CK Physiotherapy

AREAS COVERED
W7, W5, W13, Ealing, West London

57 Elthorne Avenue
Hanwell, W7 2JY

T: 020 8566 4113
M: 07957246185
E: info@ckphysio.co.uk

Location / Parking

We are situated in Hanwell, between Boston Manor Road and Northfields Avenue, south of the Uxbridge Road.

57 Elthorne Avenue
Hanwell, W7 2JY

There are parking restrictions Mon - Fri 9-10am and 2-3pm. If you need a permit during this time please inform your therapist when you arrive. There are no parking restrictions at other times.

Opening Times

Monday – Thursday
8am-8pm
Friday
8am-6pm
Saturday
9am-12pm

Please phone the number above during working hours to make an appointment. Our reception service will be happy to book your session.

London Underground / Bus Services

London Underground

10 min. walk from Boston Manor Tube Station.
15 min. walk from Northfields Tube Station.

Bus Service

E8, E3, E2, 207, 607, 83

Request Call Back

First name(*)
Surname(*)
Email address(*)
Phone number(*)
Call me back

Our Blog

How Physiotherapy Heal Injuries You Have Sustained Playing Rugby

By: BryanKelly (Psst, View author in Google Plus) Date: Feb 13th, 2017

Sports injuries are a common occurrence and something that, no matter how hard you try, can’t always be avoided.

However, there’s one sport which stands out among the rest for the seemingly never ending possibilities of getting injured, and that is rugby.

Cut Recovery Time for Your Rugby Injury through Physiotherapy 

Due to the immense physicality involved in playing rugby, injuries to all parts of the body are common. Rugby players can sustain injuries which include joint dislocation, fractures, ligament strains, muscle tears and cartilage damage. 

The reasons behind these injuries are extremely varied. They can be a result of muscle imbalance, poor movements during play, joint instability, muscle weakness or even just a big dose of bad luck.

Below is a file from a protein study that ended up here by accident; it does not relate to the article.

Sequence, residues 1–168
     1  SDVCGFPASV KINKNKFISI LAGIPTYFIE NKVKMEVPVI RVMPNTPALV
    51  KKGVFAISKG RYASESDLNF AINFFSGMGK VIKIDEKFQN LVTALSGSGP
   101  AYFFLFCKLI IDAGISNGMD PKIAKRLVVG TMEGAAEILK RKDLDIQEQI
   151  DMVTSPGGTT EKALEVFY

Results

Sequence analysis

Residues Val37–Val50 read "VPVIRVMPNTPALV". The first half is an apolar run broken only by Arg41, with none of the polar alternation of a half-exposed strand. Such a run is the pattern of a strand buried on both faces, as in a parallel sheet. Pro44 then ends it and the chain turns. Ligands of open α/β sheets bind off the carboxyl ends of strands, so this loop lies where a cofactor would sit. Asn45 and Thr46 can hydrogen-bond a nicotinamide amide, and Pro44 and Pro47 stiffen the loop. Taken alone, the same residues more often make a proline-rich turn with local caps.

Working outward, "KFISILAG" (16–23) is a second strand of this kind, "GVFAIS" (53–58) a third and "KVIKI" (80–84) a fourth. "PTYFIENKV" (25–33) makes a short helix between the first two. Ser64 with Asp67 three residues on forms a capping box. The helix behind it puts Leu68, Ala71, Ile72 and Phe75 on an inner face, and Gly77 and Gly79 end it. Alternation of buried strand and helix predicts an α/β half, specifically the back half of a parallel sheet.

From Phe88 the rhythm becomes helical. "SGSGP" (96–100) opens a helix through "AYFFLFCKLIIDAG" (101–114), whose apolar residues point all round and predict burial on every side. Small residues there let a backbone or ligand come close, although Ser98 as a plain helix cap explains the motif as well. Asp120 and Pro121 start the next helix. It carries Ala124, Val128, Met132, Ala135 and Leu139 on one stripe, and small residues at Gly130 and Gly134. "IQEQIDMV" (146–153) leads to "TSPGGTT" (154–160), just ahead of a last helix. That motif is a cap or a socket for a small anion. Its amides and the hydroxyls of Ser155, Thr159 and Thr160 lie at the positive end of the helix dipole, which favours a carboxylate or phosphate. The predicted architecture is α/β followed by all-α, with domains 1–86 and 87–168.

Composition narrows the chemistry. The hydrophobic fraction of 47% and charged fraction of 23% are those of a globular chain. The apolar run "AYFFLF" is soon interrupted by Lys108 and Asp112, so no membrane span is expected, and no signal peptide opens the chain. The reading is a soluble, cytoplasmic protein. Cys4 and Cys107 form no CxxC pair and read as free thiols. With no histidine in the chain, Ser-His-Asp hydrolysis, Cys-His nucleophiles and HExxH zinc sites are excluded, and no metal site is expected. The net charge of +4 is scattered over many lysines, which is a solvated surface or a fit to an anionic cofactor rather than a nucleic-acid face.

However, you shouldn’t let the possibility of rugby injuries put you off playing the sport as, if you are unfortunate enough to be injured, physiotherapy can help accelerate the healing process. 

Heal Faster through a Tailored Physiotherapy Rehabilitation Programme


How Likely is a Rugby Injury? 

The short answer is, very likely. During the 2013/14 rugby season, a total of 739 injuries were sustained during matches which caused a player to miss training or a game, with the average injury forcing a player to miss 26 days of training. At the same time, training now accounts for a third of all rugby injuries, with 414 being reported in the rugby premiership during the 2013/14 season. 

Looking at the figures, you can see that injuries are extremely common and can take a long time to heal. Unfortunately, if you become injured through rugby, the rest and general pain killers a doctor will prescribe may not be enough. 

The best way to recover from sports related injuries is to seek the help of a professional physiotherapy clinic as well, as many of them specialize in sports injuries. Because of this, most premiership rugby teams have retained the services of team physiotherapists. 

How Can Physiotherapy Help? 

A physiotherapist will do a complete assessment of your rugby injury, and provide you with a comprehensive course of treatment that will be aimed at getting you back to normal and back to playing rugby as soon as possible. 

A physiotherapist will also be able to advise you the best time to return to training, and will create a structured rehabilitation programme for you. They will focus on restoring your muscle strength and joint stability to ensure that your body can cope with the physical demands of the sport. A proper physiotherapy programme can include anything from manipulative therapy, soft tissue massage, posture and muscle imbalance correction, and exercise therapy and management. 

If you play rugby, the possibility of an injury now and again is always there. Through physiotherapy treatments, you’ll be able accelerate your recovery and get back to playing the sport you love more quickly.  

Sources
Rugby Concussions Soar by 59% Says Report, Telegraph.co.uk
5 Ways to Minimise the Risk of Injury in Rugby, CSP.org